How long are porcine aortic valves expected to last? I’m going to subscribe to the magazine because of your answers. Thank you.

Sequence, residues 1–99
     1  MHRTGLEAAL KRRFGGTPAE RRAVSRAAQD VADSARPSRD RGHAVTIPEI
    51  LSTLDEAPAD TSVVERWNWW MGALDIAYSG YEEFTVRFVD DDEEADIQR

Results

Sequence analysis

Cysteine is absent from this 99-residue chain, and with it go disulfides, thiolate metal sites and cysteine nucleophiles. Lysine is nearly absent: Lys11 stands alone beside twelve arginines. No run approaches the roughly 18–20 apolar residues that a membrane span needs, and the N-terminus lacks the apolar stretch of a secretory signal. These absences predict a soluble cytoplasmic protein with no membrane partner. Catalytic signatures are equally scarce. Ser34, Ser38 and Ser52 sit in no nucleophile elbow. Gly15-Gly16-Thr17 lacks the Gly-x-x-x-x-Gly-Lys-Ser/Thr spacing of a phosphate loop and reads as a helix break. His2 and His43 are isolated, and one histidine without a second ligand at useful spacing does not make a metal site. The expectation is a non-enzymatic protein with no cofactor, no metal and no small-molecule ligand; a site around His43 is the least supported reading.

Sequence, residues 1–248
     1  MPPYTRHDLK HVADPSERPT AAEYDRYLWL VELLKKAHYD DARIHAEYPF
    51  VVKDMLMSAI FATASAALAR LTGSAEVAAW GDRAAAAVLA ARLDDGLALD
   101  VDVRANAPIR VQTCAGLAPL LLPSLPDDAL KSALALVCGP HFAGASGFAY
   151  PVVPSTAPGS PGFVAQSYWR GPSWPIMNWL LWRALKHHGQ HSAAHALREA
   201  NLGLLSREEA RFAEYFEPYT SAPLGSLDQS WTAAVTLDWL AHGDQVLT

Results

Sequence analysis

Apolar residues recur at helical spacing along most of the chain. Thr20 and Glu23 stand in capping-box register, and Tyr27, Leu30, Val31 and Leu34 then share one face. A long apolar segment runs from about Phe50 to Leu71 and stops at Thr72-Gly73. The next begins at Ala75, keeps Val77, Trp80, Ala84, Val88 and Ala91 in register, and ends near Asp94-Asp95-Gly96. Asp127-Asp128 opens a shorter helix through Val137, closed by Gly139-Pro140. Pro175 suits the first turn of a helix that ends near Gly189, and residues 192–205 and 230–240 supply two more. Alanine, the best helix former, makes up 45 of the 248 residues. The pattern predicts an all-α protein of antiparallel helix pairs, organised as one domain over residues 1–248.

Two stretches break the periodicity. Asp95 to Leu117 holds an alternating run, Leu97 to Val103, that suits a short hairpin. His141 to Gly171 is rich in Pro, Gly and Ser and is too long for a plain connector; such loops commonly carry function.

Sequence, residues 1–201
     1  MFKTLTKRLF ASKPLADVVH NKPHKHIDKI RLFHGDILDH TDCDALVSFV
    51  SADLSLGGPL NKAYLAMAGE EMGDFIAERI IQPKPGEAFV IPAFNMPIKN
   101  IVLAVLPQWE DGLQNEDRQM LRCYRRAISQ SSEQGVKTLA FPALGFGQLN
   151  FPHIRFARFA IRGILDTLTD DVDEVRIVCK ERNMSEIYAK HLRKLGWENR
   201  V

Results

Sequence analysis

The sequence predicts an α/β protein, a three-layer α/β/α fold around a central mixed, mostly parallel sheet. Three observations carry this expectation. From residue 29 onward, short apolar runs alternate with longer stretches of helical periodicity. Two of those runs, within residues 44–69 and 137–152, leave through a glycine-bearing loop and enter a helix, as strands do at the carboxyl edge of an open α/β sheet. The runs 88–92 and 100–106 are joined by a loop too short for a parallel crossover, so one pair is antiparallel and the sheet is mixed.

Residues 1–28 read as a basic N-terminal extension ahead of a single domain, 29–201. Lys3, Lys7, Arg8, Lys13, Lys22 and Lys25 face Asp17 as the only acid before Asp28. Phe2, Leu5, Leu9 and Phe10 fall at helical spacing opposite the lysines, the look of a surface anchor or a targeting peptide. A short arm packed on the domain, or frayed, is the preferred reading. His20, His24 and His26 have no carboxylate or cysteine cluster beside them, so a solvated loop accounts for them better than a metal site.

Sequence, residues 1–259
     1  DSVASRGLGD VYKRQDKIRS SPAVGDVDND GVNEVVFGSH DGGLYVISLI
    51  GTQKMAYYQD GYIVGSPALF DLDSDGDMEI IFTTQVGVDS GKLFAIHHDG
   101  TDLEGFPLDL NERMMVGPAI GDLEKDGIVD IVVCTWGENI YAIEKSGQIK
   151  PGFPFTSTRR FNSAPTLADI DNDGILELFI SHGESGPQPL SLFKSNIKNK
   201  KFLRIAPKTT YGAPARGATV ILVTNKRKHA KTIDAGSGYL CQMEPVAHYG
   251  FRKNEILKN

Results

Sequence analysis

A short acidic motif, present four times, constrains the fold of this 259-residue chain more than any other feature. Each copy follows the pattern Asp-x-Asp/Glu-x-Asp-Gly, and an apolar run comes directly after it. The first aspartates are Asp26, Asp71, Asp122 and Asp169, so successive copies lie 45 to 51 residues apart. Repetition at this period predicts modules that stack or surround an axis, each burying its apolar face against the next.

I am glad you like my column, and that you plan to subscribe to the Post to read it. Thank you. Porcine heart valves (made from pig hearts) have been used to replace narrowed and/or leaking human aortic and mitral valves since about 1965. Tissue valves eliminate the need for anticoagulation with warfarin that is required for mechanical prostheses. On the downside, they are not as durable as mechanical valves and therefore do not last as long. In several studies, by 15 years the porcine valve has failed in 30 percent to 60 percent of patients. Elevated cholesterol seems to contribute to valve degeneration. Valve failure is more frequent in the mitral than aortic position. Also, the rate of valve failure is significantly less in patients older than 65, with more than 90 percent of the valves functioning well at 10 years. Degeneration is rare in patients past 70 years old. Your choice of valve was excellent because your age and the fact that the valve is in the aortic position make it very likely the valve will last as long as you do!